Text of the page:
In the known method, a long-term display is provided in addition that likewise displays a continuous curve and a variation mean-value curve of the deviation indicators, but for a longer period of time than in the case of the short-term display.
In the known method, a status indicator is determined from the deviation indicators that is displayed in the form of a field with a colored background on the viewing screen alongside the short-term display or alongside the long-term display. In this connection, a separate color is assigned to every numerical level of the deviation indicators in order thus to be able to visualize the state concerned better. If, for example, the respiratory rate of the patient deviates from the base value in the direction of the lower limit value; depending on the scale chosen for the time axis, this can be detected more or less well at the more recent end of the associated continuous curve in the parameter value display. On looking at the viewing screen, this segment of the continuous curve concerned may easily be lost and overlooked in the wealth of information items. With increasing deviation from the base value, the deviation indicator is increased in steps, which is clearly detectable from the short-term display, in particular from its bars. Furthermore, the color changes in the field of the associated status indicator. The user can, consequently, detect relatively easily that a certain parameter is relatively far away from the base value in magnitude. In addition, an additional direction display in the form of an arrow makes it possible for the user to detect whether the known deviation from the base value is taking place upward or downward. Alternatively, the user may also search the associated continuous curve in order to detect the direction of the deviation.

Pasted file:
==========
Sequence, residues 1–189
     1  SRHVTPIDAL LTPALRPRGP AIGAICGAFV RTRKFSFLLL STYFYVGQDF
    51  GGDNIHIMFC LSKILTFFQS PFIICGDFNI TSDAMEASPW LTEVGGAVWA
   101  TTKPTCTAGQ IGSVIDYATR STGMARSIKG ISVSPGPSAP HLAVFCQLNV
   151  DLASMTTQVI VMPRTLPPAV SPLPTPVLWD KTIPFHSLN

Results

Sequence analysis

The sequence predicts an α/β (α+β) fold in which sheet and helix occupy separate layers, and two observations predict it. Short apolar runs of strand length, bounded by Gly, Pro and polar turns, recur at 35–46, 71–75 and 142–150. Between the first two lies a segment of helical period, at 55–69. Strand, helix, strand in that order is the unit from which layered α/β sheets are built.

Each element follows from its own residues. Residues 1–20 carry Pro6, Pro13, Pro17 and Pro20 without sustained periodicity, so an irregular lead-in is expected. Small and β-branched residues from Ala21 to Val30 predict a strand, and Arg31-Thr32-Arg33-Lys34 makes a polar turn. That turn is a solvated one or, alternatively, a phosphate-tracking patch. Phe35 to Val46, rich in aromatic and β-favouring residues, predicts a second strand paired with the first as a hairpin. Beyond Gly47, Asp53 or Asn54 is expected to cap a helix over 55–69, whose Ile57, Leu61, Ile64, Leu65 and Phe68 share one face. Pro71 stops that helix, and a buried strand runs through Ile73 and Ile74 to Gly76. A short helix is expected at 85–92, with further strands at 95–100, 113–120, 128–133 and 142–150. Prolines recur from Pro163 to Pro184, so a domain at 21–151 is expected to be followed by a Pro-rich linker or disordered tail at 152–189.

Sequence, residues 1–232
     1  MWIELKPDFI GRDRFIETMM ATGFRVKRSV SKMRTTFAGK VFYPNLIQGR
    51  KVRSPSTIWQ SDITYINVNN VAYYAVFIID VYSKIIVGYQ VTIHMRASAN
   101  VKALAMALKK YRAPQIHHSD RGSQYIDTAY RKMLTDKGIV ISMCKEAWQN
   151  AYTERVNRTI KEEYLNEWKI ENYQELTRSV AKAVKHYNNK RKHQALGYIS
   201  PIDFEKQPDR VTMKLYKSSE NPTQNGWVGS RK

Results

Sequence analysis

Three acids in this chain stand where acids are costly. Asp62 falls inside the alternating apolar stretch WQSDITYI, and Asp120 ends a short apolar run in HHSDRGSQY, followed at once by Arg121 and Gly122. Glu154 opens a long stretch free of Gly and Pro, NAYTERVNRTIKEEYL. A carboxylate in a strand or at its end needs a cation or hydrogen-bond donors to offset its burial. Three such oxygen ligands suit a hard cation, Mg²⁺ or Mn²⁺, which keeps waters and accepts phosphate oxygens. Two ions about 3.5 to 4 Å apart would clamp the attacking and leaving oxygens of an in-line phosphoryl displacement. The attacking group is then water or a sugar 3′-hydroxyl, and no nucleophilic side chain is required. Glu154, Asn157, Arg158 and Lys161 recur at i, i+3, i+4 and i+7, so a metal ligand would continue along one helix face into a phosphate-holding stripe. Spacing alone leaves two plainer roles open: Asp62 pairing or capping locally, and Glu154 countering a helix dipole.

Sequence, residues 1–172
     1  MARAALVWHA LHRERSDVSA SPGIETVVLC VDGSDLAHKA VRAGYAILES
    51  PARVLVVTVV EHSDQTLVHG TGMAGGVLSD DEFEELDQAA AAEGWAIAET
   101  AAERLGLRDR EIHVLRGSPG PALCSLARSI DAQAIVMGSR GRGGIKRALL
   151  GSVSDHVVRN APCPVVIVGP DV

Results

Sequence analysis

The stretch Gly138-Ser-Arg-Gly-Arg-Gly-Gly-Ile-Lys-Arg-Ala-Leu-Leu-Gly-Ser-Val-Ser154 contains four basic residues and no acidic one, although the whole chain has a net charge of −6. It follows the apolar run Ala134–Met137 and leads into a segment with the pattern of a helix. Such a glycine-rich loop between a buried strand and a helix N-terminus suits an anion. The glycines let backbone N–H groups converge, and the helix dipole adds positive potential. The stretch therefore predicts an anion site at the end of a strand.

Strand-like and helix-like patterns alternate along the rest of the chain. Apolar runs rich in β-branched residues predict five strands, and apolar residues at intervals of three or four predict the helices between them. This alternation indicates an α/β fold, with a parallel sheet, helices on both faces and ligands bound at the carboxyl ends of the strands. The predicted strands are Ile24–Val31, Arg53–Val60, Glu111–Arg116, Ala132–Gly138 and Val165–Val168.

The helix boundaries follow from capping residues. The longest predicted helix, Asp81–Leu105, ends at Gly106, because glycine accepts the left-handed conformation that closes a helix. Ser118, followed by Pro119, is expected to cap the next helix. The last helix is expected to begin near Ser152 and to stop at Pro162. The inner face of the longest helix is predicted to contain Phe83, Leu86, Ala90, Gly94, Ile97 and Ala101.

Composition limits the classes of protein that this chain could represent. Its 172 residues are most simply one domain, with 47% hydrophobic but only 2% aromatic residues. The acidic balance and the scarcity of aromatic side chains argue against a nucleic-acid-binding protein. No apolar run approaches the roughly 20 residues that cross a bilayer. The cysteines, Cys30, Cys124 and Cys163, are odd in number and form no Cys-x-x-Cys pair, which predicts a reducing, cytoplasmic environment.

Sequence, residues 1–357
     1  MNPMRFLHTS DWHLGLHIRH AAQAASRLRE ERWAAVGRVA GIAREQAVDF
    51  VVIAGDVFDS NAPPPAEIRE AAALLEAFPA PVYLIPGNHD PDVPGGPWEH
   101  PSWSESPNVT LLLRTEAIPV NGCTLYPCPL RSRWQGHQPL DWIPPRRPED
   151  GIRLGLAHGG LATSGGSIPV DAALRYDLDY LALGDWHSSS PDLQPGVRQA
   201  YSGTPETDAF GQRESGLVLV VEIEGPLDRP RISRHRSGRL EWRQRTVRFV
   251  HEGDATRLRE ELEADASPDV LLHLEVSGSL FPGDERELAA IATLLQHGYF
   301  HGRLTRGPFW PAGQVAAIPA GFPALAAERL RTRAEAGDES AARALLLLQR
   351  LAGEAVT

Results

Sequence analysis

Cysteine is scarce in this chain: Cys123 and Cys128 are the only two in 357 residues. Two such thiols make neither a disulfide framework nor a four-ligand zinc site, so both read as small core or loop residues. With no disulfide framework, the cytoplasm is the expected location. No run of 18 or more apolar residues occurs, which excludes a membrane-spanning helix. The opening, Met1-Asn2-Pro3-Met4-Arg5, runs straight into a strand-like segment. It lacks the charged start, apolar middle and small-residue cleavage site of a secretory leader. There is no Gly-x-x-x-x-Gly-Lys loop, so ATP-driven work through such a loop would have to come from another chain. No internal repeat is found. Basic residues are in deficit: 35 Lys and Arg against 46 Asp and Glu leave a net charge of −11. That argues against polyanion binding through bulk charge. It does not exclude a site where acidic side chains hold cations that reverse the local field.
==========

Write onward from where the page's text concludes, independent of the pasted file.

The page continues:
In the known method, the user has to bring together the information important to him at a plurality of points that are displayed in a distributed manner on the viewing screen. In order to link the related information items with one another, an increased concentration and possibly a relatively large amount of time is therefore necessary. In the clinical field, in particular, it may be necessary to take life-saving decisions for the patient within the shortest time, with the result that only a little time is available for bringing together the necessary information items.
The present invention is concerned with the problem of providing a better embodiment for a method and a device of the type mentioned at the outset, which embodiment facilitates, in particular, the monitoring of the system or of individual parameters of the system for the user concerned.
According to the invention, the subject matters of the independent claims solve this problem. The dependent claims relate to advantageous embodiments.
The invention is based on the general idea of creating, for at least one parameter of the system to be monitored, a datum-line display on a viewing screen that comprises a horizontal baseline representing the base value of the parameter, a continuous curve representing the variation with time of the parameter with a horizontal time axis and, in addition, a deviation bar representing the instantaneous deviation of the parameter from the base value. In addition, the continuous curve and the deviation bar are normalized with respect to the baseline. The datum-line display proposed according to the invention consequently comprises extremely few elements and their complete information can be discerned at a single glance. As a result of the normalization of the continuous curve and the deviation bar with respect to the baseline, the user can immediately detect visually whether the parameter concerned is deviating within its variation or is currently deviating to a small or considerable extent and, in particular, in which direction from the base value. The user does not consequently have to change back and forth between a plurality of displays for these basic information items, but can on the contrary, detect them at a single glance. In this connection, the invention takes account of the fact that deviations with respect to a horizontally displayed baseline can particularly easily be detected intuitively by the user.